AEM Reports: WHAT LEADING CONSTRUCTION COMPANIES ARE DOING IN THE WAKE OF COVID-19

As COVID-19 (coronavirus) brings countless businesses to a grinding halt, the construction industry remains resilient — even in the face of tremendous challenge.

Unlike many industries where “working from home” and “drive-thru service” are feasible countermeasures, construction firms have jobsites to run. Chris Hopper, executive vice president and general manager of Skanska, told the Cincinnati Business Courier, “You can’t hang drywall from your house.”

Skanska is a New York-based construction and development firm with projects throughout the country. The company employs more than 10,000. Skanska has developed a multi-faceted COVID-19 response plan to help keep employees safe and jobsites operational.

We looked at what Skanska and other leading construction firms are doing in the wake of COVID-19.

14 ESSENTIAL ELEMENTS OF A COVID-19 RESPONSE PLAN FOR CONTRACTORS

  1. Understand and follow CDC guidelines
  2. Place restrictions on travel
  3. Develop screening measures for employees who have recently traveled
  4. Instruct employees to stay home if they are feeling sick
  5. Place restrictions on in-person meetings and other employee gatherings
  6. Encourage employees to work from home if feasible
  7. Train all employees on the 6-foot distancing rule, no handshakes, etc.
  8. Establish thorough cleaning protocols at offices and jobsites
  9. Increase availability of cleaning supplies and handwashing stations at offices and jobsites
  10. Donate N95 respirator masks to local hospitals
  11. Tell elected officials to put partisan bickering aside in this very critical moment of national crisis
  12. Establish dedicated and empowered COVID-19 response teams
  13. Stay up to date on both federal and local COVID-19 developments
  14. Maintain clear, honest and ongoing communication with employees and subcontractors, and perhaps clients and suppliers

BEST PRACTICES TO HELP MITIGATE EXPOSURE

Social distancing is a critical component of any COVID-19 response plan. Turner Construction Company, a New York-based firm that employs roughly 10,000, has begun limiting the size of employee gatherings and has already put a stop to large group meetings. Attending events such as conferences has also been suspended. Remote conferencing technology is now being utilized for meetings. On that note, Turner Construction has expanded its network capacity and training tools to accommodate this surge in online network activity.

Sometimes an essential meeting that requires in-person attendance must take place. Turner Construction mandates that these meetings occur in spaces allowing for adequate social distancing. The CDC recommends that people remain roughly 6 feet apart. Additionally, Turner Construction is adapting standard operating procedures to limit the number of employees in an elevator or hoist at a given time.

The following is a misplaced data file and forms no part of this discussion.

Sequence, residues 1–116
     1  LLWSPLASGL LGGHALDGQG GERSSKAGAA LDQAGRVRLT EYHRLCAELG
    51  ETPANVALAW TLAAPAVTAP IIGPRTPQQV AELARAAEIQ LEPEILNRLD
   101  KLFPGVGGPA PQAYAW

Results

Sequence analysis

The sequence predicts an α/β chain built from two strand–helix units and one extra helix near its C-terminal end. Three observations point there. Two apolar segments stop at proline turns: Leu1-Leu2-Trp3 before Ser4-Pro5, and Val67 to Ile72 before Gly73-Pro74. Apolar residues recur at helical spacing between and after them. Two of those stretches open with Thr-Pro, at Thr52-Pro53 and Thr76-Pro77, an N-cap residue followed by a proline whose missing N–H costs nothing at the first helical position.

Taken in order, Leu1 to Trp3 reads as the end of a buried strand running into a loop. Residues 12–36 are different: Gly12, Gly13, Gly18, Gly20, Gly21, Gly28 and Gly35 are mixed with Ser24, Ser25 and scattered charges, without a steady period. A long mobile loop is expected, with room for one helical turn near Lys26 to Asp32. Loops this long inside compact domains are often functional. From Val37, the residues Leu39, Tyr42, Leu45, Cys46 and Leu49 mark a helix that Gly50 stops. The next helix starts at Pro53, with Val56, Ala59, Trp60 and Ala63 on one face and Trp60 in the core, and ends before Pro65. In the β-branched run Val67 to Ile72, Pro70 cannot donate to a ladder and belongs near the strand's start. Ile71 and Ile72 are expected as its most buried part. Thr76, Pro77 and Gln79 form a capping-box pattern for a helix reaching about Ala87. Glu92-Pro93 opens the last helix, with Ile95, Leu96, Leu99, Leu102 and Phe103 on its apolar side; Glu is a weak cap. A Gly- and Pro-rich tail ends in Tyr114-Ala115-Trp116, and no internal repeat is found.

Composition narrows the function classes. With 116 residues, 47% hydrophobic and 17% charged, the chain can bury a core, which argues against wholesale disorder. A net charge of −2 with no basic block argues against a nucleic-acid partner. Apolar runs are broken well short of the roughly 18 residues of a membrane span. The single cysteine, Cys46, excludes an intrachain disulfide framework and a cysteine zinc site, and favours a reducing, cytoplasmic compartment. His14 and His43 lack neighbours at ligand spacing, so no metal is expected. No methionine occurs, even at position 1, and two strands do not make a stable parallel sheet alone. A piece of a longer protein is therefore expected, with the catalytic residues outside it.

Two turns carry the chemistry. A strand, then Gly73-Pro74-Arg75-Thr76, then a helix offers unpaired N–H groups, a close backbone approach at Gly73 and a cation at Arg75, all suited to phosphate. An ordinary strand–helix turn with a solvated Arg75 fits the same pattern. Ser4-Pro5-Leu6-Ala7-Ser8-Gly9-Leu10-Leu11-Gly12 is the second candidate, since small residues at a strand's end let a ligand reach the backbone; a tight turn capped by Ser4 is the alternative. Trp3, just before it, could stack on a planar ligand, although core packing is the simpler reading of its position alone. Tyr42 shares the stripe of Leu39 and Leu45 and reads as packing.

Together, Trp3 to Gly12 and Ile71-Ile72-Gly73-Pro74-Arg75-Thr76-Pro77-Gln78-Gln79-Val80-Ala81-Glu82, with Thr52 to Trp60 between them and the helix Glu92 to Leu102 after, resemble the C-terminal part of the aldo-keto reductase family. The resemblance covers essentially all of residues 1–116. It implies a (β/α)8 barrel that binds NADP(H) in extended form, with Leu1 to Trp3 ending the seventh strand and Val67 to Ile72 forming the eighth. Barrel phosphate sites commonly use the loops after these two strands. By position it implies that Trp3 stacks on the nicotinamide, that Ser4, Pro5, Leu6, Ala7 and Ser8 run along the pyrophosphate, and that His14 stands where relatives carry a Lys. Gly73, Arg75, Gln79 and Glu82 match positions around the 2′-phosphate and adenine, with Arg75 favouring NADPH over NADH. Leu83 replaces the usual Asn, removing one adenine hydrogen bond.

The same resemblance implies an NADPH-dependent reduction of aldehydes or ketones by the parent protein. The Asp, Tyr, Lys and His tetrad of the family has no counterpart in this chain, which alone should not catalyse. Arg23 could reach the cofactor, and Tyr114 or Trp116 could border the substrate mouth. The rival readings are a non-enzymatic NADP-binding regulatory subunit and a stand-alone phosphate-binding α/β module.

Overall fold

Harkins, an employee-owned construction company based in Maryland, constantly reminds employees about the 6-foot rule. Additionally, sick employees are sent home immediately. All gatherings such as lunches are forbidden, and all meetings are now conducted remotely via Microsoft Teams.

Monitoring employees who travel has been another point of focus for construction companies.

Skanska issued a ban on all international travel through at least April. Domestic travel has also been greatly limited.

Turner Construction has restricted all business travel to any CDC Level 3 country, which is a country deemed to have widespread transmission. Also, if any employee had traveled to or had close contact with anyone who traveled to one of these countries, that employee is not allowed onto a Turner jobsite or office for 14 days from the date of contact. Taking it a step further, any employee who exhibits any of the common COVID-19 symptoms is instructed to stay away from Turner jobsites and facilities. Symptoms include fever, cough and restricted breathing.

PROMOTE GOOD HYGIENE

Hygiene has also been at the top of the list for Turner Construction. All jobsites are required to provide access to handwashing stations. Additionally, staff has been trained to religiously clean and disinfect frequently touched objects such as lunch tables, coffee machines and door knobs.

Harkins has instituted a long list of jobsite protocols to help improve awareness. For example, CDC and OSHA guidelines are now posted in all conspicuous locations on jobsites. Furthermore, jobsite leaders are trained to closely monitor employee behavior to ensure that the guidelines are being followed.

Harkins has also taken steps to step up jobsite cleaning. Trailers are now cleaned daily. Furthermore, a commercial cleaning service is brought in to clean and disinfect certain areas of a jobsite if COVID-19 exposure is suspected to have taken place. Harkins has also increased the volume of hand sanitizing products deployed to jobsites.

ESTABLISH DEDICATED TEAMS — AND EMPOWER THEM

Skanska has established a Coordination Response Team in each market it serves. Teams are tasked with monitoring COVID-19 developments, sharing information with employees and business partners, and implementing protocols.